View Full Version : 2008 STS Repair manual
10-12-12, 10:01 PM
I just picked up my 1st Caddie... 2008 STS RWD V-6... I spent alot of time looking around and really wanted a BMW, but the reports on the models I looked at didnt feel encouraging.. But the Caddie looks great.. Again I bought 1.. So I cant seem to find a repair manual for this.. Every vehicle i buy the next thing I get is a manuel.. Any Ideas ??
I think it's cheap on DVD. The Helm books are spendy.
Ever considered Alldata?
10-12-12, 10:20 PM
DVD repair manuals ?? Guess I hadnt got into that.. Helm Book ??? All Data ??? I finally stepped up to a luxury car, befoer its the older stuff that a chilton's or haynes will get you there for the most part.. Any help will work.. Thanks..
Alldata is a subscription service used by most independant shops. They also offer consumer subscriptions to specific cars. Haynes or Chilton's are basically useless.
Explore the 'sticky' thread at the top of this forum. You'll find a lot of good links and other resources.
10-13-12, 05:12 PM
www.helminc.com (http://www.helminc.com) www.alldatadiy.com (http://www.alldatadiy.com)
I purchased the set of 5 GM books from Helm, and they are excellent. This might seem odd, as I really don't like doing my own repairs; however, having the manuals helps me understand this complex vehicle and may ultimately save me some money. I like saving money.
Some time back, I owned a 1998 Seville SLS. I purchased the Helm set (I still have it) and when I was having a problem with unexpected stalls, I looked this up and determined the cause to be the crankshaft sensor(s). I took the car to a Cadillac dealer I thought to be reputable, and had the repair completed. When I picked up the car, there was a staggering labor charge. When I asked why, I was told it was because they had to pull the engine. My response was, "I thought the repair is accomplished through the wheel well, and you do not have to pull the engine."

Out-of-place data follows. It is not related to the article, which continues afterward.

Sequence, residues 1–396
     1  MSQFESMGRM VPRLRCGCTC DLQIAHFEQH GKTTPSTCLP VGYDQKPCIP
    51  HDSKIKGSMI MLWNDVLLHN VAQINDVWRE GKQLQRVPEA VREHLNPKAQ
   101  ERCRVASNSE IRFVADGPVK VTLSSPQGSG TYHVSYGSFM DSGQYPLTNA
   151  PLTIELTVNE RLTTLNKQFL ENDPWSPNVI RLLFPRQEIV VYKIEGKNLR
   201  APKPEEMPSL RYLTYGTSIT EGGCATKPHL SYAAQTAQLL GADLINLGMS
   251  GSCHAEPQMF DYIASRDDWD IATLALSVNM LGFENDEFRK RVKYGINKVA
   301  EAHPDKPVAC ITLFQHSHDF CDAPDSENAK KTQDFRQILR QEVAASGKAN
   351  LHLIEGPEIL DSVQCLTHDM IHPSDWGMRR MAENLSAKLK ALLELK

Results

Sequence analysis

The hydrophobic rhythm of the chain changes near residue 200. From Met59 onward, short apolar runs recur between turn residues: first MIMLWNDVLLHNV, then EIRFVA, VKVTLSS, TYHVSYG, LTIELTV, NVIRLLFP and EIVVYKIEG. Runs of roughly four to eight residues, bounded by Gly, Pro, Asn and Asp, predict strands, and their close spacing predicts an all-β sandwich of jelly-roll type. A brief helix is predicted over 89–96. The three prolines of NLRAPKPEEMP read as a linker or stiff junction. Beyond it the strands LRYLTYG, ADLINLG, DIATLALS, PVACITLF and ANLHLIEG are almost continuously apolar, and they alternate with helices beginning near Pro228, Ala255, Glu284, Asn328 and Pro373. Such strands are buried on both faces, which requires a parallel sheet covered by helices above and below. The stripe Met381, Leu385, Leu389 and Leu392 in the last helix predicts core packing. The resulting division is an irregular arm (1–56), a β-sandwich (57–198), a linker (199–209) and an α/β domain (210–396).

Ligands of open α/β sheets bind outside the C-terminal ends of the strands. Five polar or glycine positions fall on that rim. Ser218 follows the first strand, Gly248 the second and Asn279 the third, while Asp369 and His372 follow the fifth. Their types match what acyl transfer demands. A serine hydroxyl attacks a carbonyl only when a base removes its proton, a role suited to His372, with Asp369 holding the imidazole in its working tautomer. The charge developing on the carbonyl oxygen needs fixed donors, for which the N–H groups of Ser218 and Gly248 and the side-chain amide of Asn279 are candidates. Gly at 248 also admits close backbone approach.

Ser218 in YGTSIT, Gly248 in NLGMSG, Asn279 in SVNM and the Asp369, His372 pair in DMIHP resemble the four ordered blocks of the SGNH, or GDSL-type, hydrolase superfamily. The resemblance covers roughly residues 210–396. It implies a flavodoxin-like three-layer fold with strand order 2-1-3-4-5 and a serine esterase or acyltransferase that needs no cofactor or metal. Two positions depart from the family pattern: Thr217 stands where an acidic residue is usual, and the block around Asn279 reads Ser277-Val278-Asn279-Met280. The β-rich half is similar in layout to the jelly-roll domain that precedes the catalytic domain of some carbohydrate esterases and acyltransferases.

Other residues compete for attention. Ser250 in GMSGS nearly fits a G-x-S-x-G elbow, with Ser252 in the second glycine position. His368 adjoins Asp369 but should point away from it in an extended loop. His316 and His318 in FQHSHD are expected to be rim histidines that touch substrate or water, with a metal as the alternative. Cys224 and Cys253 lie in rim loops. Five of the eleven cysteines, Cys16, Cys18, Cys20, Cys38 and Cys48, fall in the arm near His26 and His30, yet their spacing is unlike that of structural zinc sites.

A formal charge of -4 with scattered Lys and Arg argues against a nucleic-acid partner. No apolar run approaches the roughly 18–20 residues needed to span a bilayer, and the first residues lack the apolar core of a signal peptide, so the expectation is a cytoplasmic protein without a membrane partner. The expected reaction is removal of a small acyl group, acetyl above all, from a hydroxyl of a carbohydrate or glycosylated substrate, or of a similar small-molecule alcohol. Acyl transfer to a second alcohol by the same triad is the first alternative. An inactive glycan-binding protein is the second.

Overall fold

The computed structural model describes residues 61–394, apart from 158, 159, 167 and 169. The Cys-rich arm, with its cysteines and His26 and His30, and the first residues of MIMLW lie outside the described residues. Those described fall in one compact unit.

I was asked how I knew this, and I said, "I have a set of Cadillac shop manuals for this car, and I looked it up!"
The guy behind the counter had an ashen look on his face and said, "Excuse me, I'll be right back."
The final bill was less than half the original. If I did not know how to do the repair, I might have assumed pulling the engine was necessary, and paid the bill. While driving home, I wondered how many others this dealer screwed. GM pulled the plug on them about 3 months later, and this was long before the GM bankruptcy!
I don't think there is any dealer you can completely trust. The service bays are their main profit center along with used cars. I have what I consider an exceptional dealer but you have to be knowledgeable and check, check, check. Recently I took my car in for a oil change, tire rotation and 27 point inspection special. When it was finished the SA told me I needed the throttle body cleaned and the air filter replaced. When I told him I had just done both, he looked very sheepish and admitted they don't really look at those items; the tech just looked at the mileage and saw there was no record of it having been done. Buyer beware and prepared.:lies: